When I left school (don’t worry, this won’t take long) I decided against treading the hallowed halls of academia and chose instead to embark upon a career in agriculture. I was working on a farm in Surrey when, on the 1st of November 1953, I was honoured with an invitation from the Queen (via Her Majesty’s Dept. of Labour and National Service) to participate in a course of training leading to membership of her esteemed fighting forces. I was deeply touched! For although Her Majesty without doubt valued my work in the fields of England, it would appear that she was in greater need of my services in the fields of conflict, so not wishing to offend Royal Protocol by declining her gracious invitation, I enthusiastically embraced the opportunity of proving my allegiance to Her Majesty and my loyalty to my country, after all, the prospect of an army billet was infinitely more attractive than that of an army prison.
However, I had always been of a somewhat retiring disposition, and my sense of loyalty waned dramatically as those last few days of freedom sped by, for I suddenly realised that, while heroics were all very well on the cinema screen where they belonged, this was to be the real thing, and not by the wildest stretch of the imagination could I see myself as a hero.
Fortunately I was not to be put to that test, and although I didn’t return home with a chest full of medals, citations for bravery and a knighthood, I had during my military career been given a lusty kick up the status pupillaris and landed with both feet firmly in the adult world — a far cry indeed from ploughing the fields and scattering and pulling cows tits.
As in Clem Hindmarch’s wonderful letter in the previous issue of The Open Door, and to whom I send belated congratulations on finally catching up with his elusive pip, I also had initially expressed a preference for the RAF and therefore found myself in the Royal Army Service Corps at Yeovil in Somerset surrounded by lorries which of course were never meant to fly, (although I did give it my best shot a couple of times during training but to no avail), so having always wanted to go aloft, I and about a dozen others applied for the AD training course with 47 Company at Watchfield. Clem was one of our gang and I remember him well, but as I have already intimated, I was the sort of guy who could get lost in a crowd of two so I’ll forgive him if he doesn't remember me.
By now however, I had acquired a modicum of self confidence and began to nurture aspirations of promotion — C.I.G.S. would have been nice, but they didn’t think I could make it in less than two years so I gave up the idea and they dumped me in Egypt instead. After four months sweeping the sand into pretty patterns around the tents of Fanara, we were beginning to wonder if our AD training had all been a waste of time, but the great day finally dawned when they took a small but dedicated group of us aside and implored us to decamp to Kahawa in Kenya to help resolve the Mau problem, and at long last we found ourselves to be doing something worthwhile.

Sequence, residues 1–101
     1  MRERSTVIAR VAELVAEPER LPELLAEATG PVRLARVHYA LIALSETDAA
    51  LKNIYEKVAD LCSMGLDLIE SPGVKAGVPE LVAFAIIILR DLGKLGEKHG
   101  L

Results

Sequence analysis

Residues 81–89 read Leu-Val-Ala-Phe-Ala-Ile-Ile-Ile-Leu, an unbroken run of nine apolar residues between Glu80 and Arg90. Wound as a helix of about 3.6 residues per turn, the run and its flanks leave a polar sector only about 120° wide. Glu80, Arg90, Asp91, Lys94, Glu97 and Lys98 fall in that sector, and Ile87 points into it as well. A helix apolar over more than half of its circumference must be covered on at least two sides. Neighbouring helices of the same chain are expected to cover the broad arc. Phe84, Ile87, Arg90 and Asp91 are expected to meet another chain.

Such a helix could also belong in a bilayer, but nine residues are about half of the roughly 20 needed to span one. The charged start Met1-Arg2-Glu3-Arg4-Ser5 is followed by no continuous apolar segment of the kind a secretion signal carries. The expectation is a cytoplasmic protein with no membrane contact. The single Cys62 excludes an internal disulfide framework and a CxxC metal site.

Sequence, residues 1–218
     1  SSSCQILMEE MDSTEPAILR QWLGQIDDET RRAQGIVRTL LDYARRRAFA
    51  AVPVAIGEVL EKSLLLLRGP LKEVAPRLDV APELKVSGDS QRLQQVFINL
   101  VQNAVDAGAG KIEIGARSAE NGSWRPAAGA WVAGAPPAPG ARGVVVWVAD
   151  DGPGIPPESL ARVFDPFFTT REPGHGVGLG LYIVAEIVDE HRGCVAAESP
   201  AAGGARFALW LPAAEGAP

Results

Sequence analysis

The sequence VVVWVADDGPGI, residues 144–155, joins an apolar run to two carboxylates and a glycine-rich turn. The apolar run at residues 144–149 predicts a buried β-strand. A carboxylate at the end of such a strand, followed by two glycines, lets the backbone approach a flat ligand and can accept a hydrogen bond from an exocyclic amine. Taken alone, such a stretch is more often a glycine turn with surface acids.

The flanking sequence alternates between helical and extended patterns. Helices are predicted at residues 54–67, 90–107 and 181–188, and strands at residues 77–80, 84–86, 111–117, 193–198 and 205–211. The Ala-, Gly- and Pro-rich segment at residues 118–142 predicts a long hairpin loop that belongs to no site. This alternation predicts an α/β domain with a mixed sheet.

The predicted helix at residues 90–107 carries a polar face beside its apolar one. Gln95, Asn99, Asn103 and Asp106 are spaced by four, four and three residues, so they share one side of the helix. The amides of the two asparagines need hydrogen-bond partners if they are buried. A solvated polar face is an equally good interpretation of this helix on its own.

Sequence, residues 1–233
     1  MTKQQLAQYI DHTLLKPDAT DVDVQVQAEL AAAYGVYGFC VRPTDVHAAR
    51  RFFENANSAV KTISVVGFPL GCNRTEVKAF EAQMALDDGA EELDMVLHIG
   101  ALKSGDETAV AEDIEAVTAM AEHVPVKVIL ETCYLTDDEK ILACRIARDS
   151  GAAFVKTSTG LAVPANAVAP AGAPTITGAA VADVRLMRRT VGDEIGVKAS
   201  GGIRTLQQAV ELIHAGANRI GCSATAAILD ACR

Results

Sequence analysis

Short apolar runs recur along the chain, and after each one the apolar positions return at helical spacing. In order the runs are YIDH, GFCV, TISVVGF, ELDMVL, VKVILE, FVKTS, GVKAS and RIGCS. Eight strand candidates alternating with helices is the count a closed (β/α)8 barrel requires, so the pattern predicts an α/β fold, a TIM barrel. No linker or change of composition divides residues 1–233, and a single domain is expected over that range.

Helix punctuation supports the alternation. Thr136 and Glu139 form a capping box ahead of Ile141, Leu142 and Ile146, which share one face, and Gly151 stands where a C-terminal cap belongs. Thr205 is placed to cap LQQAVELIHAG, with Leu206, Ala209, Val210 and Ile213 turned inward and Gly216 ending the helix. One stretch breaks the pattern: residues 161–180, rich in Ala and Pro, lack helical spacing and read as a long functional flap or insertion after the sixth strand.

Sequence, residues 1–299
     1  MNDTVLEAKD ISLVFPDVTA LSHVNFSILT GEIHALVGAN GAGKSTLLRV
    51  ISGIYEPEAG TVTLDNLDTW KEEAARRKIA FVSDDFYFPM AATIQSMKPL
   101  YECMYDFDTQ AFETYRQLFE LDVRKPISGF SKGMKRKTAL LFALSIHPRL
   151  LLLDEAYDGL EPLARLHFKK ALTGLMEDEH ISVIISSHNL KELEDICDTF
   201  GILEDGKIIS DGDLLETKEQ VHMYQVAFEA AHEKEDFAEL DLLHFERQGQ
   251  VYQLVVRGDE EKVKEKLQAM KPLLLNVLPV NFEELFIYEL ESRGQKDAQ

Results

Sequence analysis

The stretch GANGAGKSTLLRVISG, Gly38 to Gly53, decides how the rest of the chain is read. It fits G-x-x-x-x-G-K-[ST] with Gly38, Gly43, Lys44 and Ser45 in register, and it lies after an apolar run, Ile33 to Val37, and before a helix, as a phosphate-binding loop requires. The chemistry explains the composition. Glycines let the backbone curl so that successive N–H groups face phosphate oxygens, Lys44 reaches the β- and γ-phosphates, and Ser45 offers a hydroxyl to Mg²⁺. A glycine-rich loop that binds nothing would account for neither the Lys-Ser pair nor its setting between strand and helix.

It was grueling work dropping at 16,000ft over the Aberdares and Mount Kenya and at times the turbulence was appalling, but despite being battered from one side of the fuselage to the other like shuttlecocks, floating in mid air one second and sprawling all over the floor on top of each other the next, we hurled ourselves into our work with hitherto unknown abandon and all ops were carried out smoothly and without incident or necessity for heroics. Mind you, we did have the assistance of four grand chaps, Sqn. Ldr. Mulkern pilot, Master Navigator Jakeman, Sgt Jones Signaller and of course our own Sgt Steve Vessey, without whom our perilous task would have been a little more difficult to accomplish.
We were a close-knit and sobrietous little group who worked well together, played well together and in fact did everything together (well perhaps not everything), and the camaraderie was such that I have yet to experience its equal. During my service I had of course amassed a fortune in credits, but a month before I was due to be demobbed I blew it all on a holiday at Mombasa and arrived home in a state of abject penury, yet oddly enough I had this sneaking feeling that I was a far richer person at the end of those two years than I was at the beginning. Thus my army days passed in blissful servitude, and I must confess that as I walked out through the camp gates at Bordon for very the last time, there was a fleeting moment when I thought of turning back and signing on again.
And that, to put it in a very small nutshell, was the expurgated and therefore brief saga of my part in keeping the flag flying. It only remains for me to say that it would be wonderful to hear from any of the Palaeolithic wrinkles who were once the pure and unblemished youth of Old England, and who I once knew so well at Watchfield, in Egypt and in Kenya from 1954 to 1955.
By the way Clem, did you sign on again when your time was up?Open Door Contents